Everyone has a story. Everyone has a voice. However, veterans have unique stories – reasons for serving their country, experiences of service and war, and life after returning to family and friends.
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State of Affairs


It's been two months since our last correspondence and we were hoping to hold out as long as possible for the new Agent Orange presumptive conditions but, with Veterans Day upon us, we felt the need to get out the information we had on what was going on in the world of veterans affairs. 

Our office has seen a slight uptick in clientele, especially from our elderly population currently residing in nursing homes. We're kicking out non-service connected pension claims to our wartime veterans just as fast as families are providing the required information. It's teamwork in action and we're assisting them to get the benefits they've earned!!!

There's much to share so let's get to it!!!

Camp Lejeune Presumptive Conditions


From the 1950s through the 1980s, people living or working at the U.S. Marine Corps Base Camp Lejeune, North Carolina, were potentially exposed to drinking water contaminated with industrial solvents, benzene, and other chemicals.

VA recently proposed a rule to create presumptive service connection for Veterans, Reservists, and National Guard members exposed to contaminants in the water supply at Camp Lejeune from August 1, 1953 through December 31, 1987 who later developed one of the following eight diseases:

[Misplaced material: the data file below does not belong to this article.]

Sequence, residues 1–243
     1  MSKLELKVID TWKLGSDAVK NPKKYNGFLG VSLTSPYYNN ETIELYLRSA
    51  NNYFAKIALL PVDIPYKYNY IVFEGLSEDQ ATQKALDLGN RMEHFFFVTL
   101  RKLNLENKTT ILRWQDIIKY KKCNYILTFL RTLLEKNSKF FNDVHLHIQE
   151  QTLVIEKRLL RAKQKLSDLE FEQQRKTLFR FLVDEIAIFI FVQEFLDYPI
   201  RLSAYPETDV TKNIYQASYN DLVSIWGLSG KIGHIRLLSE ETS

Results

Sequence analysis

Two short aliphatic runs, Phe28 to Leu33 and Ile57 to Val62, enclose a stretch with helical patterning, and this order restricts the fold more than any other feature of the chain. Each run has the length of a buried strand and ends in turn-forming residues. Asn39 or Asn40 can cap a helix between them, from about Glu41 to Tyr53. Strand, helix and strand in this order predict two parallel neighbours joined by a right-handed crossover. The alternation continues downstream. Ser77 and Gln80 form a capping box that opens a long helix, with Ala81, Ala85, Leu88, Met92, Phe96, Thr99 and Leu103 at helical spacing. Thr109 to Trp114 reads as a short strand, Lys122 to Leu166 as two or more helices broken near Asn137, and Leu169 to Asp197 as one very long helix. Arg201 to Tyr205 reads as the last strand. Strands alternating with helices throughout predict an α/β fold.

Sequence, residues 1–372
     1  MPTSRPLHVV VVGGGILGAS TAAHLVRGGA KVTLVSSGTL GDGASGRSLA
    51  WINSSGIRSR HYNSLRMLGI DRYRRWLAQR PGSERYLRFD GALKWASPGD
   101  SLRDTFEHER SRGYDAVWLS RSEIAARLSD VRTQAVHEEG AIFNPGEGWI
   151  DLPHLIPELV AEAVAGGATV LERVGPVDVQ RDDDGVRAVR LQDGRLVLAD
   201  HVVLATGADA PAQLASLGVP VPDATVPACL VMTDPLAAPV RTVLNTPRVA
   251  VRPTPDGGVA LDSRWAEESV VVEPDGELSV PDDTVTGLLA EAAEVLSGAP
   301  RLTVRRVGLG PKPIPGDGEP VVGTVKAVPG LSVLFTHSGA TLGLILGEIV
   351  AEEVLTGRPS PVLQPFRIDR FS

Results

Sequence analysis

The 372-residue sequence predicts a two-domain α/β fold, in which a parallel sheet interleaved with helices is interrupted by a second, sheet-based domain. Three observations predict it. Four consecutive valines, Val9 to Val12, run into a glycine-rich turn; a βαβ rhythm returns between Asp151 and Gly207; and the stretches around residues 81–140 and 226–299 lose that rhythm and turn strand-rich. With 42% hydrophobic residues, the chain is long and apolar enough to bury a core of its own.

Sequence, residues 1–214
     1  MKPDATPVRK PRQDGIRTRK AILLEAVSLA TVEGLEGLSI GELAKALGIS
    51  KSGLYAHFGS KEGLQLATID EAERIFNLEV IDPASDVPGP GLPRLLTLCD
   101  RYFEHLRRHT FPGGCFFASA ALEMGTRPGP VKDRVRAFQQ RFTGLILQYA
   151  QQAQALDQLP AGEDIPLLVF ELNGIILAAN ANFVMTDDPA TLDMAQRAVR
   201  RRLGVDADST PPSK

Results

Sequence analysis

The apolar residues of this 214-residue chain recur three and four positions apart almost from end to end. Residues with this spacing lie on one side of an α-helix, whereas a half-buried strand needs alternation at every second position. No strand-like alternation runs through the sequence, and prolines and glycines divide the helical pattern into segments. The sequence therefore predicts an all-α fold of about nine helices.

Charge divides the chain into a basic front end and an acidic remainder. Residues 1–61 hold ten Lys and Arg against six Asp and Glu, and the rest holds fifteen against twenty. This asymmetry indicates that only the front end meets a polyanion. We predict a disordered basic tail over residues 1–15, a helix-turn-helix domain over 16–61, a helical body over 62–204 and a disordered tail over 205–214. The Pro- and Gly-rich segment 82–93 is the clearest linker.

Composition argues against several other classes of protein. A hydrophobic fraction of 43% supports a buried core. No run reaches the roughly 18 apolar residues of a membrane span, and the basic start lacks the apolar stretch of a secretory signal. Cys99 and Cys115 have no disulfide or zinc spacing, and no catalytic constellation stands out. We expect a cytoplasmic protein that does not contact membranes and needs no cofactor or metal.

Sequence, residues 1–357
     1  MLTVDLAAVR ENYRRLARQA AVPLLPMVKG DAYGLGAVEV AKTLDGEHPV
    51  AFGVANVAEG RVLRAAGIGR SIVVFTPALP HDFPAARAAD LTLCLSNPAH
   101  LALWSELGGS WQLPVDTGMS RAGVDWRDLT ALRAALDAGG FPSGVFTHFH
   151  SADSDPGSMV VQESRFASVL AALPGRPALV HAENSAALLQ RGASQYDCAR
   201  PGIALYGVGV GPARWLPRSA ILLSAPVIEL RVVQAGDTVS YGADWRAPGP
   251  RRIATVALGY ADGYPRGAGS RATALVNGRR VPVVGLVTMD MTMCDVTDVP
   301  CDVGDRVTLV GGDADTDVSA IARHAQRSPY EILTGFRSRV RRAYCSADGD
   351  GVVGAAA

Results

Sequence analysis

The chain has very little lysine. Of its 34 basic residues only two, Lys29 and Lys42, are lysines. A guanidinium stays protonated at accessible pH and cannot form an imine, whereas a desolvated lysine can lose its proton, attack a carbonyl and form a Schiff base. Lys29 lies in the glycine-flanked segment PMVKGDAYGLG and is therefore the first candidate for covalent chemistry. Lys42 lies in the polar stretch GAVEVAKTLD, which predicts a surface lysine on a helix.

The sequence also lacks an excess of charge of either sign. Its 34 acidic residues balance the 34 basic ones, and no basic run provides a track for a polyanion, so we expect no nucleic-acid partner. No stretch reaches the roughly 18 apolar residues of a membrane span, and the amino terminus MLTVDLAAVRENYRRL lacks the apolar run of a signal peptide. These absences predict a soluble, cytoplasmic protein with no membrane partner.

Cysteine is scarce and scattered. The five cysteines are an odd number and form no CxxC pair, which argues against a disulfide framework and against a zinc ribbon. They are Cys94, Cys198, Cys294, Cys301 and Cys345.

• Adult leukemia
  • Aplastic anemia and other myelodysplastic syndromes
  • Bladder cancer
  • Kidney cancer
  • Liver cancer
  • Multiple myeloma
  • Non-Hodgkin's lymphoma
  • Parkinson's disease
Presently, these conditions are the only ones for which there is sufficient scientific and medical evidence to support the creation of presumptions; however, VA will continue to review relevant information as it becomes available. Veterans who are experiencing other health conditions that they think may be related to contaminated water at Camp Lejeune are encouraged to contact their primary care provider and to file a claim. VA reviews and decides disability compensation claims on a case-by-case basis.

Additionally, in accordance with the 2012 Camp Lejeune health care law, VA provides cost-free health care for certain conditions to Veterans who served at least 30 days of active duty at Camp Lejeune from January 1, 1957 and December 31, 1987.

Qualifying health conditions include:
  • Esophageal cancer
  • Breast cancer
  • Kidney cancer
  • Multiple myeloma
  • Renal toxicity
  • Female infertility
  • Scleroderma
  • Non-Hodgkin's lymphoma
  • Lung cancer
  • Bladder cancer
  • Leukemia
  • Myelodysplastic syndromes
  • Hepatic steatosis
  • Miscarriage
  • Neurobehavioral effect
Veterans eligible for health care under the 2012 Camp Lejeune health care law may enroll in VA health care and receive medical services for the 15 covered health conditions at no cost (including copayments).

If you have or have had any of the mentioned conditions, please contact us as soon as possible so that we may assist you file a claim for service-connected disabilities.

Veterans Day 2016